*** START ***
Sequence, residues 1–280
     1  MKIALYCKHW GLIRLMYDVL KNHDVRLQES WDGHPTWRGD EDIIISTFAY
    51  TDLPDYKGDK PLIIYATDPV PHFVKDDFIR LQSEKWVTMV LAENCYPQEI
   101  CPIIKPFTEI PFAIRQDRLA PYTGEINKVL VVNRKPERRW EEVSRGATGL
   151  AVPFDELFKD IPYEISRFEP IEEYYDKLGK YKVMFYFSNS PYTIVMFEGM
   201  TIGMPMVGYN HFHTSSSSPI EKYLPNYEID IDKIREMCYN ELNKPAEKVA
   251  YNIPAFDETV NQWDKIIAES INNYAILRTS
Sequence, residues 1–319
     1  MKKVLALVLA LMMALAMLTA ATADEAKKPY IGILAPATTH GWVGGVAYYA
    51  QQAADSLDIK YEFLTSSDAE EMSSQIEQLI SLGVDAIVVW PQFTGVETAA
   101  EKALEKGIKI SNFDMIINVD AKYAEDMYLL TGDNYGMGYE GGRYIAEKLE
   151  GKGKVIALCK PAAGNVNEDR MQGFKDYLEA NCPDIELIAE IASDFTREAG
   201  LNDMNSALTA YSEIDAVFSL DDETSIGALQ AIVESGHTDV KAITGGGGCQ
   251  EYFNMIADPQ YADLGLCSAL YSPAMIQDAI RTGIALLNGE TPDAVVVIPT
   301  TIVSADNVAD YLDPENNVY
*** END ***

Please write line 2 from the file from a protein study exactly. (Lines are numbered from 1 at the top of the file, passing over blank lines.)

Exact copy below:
     1  MKIALYCKHW GLIRLMYDVL KNHDVRLQES WDGHPTWRGD EDIIISTFAY